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Author Topic: rats resistant to poisons.  (Read 3073 times)

paul.fr

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rats resistant to poisons.
« on: 26/04/2007 07:49:00 »
I know that rats can come resistant to some poisons, and that periodically the poisons have to be changed. but how do they become resistant in the first place. Surely the rats that eat the poison die, so how do the other rats develop their resistance?


 

another_someone

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rats resistant to poisons.
« Reply #1 on: 26/04/2007 11:47:30 »
I know that rats can come resistant to some poisons, and that periodically the poisons have to be changed. but how do they become resistant in the first place. Surely the rats that eat the poison die, so how do the other rats develop their resistance?

It is that old saying, that which does not kill you makes you stronger.

Firstly, in some cases, the rats do not necessarily become resistant to the poison, but simply learn to avoid it (maybe learn to smell it), but in other cases, they will actually develop direct resistance to it.

If a rat eats enough of the poison, it will die; but not all rats will eat enough poison to kill them (they may just nibble a very small bit of the bait, and become sick without dying).  Those rats that can nibble more of the bait without dying will survive better and will have more offspring, who will all be a little more tolerant of the poison.  They too will eat the bait, and some will die, but will not have eaten enough to die (but the number who die will be fewer than in their parents generation, and the amount of bait they can eat before becoming seriously sick will be more than in their parents generation).
 

Offline lgic

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rats resistant to poisons.
« Reply #2 on: 26/04/2007 17:24:05 »
There's a really cool age-related element to this, and I use this story to emphasize to my students that developmental changes are important.

Strychnine is a common rodenticide. Baby mice and rats are unaffected by it - only the adults are killed. If you read the package directions, they will tell you treat again 3 weeks after the initial treatment. This gives the babies who were spared a chance to grow up, and then die from the new batch of poison.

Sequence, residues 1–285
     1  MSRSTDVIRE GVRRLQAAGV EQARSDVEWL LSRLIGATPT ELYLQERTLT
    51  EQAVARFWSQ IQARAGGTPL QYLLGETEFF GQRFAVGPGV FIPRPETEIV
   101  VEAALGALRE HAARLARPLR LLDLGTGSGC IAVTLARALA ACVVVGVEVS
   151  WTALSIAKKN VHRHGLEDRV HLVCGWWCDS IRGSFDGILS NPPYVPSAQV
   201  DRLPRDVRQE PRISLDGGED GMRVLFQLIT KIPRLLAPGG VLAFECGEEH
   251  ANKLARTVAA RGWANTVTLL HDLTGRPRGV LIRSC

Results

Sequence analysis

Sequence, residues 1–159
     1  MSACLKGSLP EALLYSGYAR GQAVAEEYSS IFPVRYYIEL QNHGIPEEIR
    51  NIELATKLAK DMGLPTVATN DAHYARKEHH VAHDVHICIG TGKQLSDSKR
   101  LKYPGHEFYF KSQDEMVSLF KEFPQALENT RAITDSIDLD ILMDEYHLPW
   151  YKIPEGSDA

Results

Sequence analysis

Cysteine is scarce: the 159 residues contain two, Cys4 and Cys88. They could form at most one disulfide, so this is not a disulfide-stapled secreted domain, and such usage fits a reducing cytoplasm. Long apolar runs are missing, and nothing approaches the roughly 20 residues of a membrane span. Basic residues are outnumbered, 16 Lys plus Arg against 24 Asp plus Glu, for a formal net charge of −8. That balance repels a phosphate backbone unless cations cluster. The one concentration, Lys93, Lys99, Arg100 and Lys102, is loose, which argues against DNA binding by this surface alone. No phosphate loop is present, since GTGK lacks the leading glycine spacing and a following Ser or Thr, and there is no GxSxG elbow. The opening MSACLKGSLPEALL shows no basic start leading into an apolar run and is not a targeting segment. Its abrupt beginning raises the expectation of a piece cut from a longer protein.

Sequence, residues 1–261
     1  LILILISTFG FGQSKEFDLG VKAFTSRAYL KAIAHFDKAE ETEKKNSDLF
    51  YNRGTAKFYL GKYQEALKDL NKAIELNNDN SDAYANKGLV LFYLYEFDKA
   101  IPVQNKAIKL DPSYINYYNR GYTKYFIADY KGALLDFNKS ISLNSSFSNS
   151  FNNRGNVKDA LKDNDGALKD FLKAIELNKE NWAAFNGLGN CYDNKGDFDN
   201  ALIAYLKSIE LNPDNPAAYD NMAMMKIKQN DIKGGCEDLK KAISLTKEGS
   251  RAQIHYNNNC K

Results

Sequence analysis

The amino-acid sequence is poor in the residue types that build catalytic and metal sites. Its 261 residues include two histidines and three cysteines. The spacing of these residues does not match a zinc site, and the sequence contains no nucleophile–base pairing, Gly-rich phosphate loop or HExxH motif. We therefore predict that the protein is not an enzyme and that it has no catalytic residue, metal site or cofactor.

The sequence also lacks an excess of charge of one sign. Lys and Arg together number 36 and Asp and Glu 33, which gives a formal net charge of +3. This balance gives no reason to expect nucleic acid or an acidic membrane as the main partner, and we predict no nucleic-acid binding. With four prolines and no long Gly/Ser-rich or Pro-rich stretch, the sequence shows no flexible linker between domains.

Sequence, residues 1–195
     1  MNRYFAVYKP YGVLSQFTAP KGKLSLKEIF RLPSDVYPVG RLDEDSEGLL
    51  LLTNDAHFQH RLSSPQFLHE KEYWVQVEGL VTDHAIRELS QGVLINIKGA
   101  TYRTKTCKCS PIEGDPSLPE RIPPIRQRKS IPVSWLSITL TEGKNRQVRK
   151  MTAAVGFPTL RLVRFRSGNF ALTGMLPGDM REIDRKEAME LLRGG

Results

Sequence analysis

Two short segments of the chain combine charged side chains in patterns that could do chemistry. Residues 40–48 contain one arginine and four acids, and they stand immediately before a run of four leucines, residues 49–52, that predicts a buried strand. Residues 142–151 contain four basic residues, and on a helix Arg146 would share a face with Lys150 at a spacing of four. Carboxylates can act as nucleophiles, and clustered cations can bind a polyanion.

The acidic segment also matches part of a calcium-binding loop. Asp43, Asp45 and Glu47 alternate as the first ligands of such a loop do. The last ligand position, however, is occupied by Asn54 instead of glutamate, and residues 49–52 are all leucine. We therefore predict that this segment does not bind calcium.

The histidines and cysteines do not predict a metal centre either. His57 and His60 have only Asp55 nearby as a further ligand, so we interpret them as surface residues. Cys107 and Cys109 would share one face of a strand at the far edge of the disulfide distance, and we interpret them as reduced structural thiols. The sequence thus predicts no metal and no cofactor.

The reason for this is that the babies express a type of glycine receptor in their spinal cord neurons and brains that is unaffected by strychnine. As the animals grow up, they replace the baby type with an adult form that happens to be efficiently blocked by strychnine, causing the adults to have seizures and die.
 

Offline Bored chemist

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rats resistant to poisons.
« Reply #3 on: 26/04/2007 19:12:05 »
Last I heard the use of strychnine as a rodenticide was banned (here in the UK) by the "cruel poisons act"
http://www.webtribe.net/~shg/Animals%20(Cruel%20Poisons)%20Act%201962%20(1962%20c%2026).htm

except for moles because their death throes take place underground so no squeamish people see them.
Also, there's a strange parallel with people, we are all born with the enzymes required to digest the lactose in milk. Many adults lose the ability and develope lactose intolerance. In North West Europe the incidence of lactose intolerance is low because, over the centuries, many of us have learned not to switch off the enzyme. This allows us to continue to eat dairy products in adult life- very useful if you live in an area where grass grows better than most other crops. You can feed cattle or sheep with the grass and eat meat and cheese; a clear evolutionary benefit.
The rats would be a great evolutionary pressure to keep the "infant" type of glycine receptor. Strychnine looks like a rat poison that's almost bound to produce resistance.
BTW, does the fact that baby rats and mice live on milk complicate the issue? If their mothers get poisoned the babies die anyway.
« Last Edit: 26/04/2007 19:15:44 by Bored chemist »
 

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rats resistant to poisons.
« Reply #3 on: 26/04/2007 19:12:05 »

 

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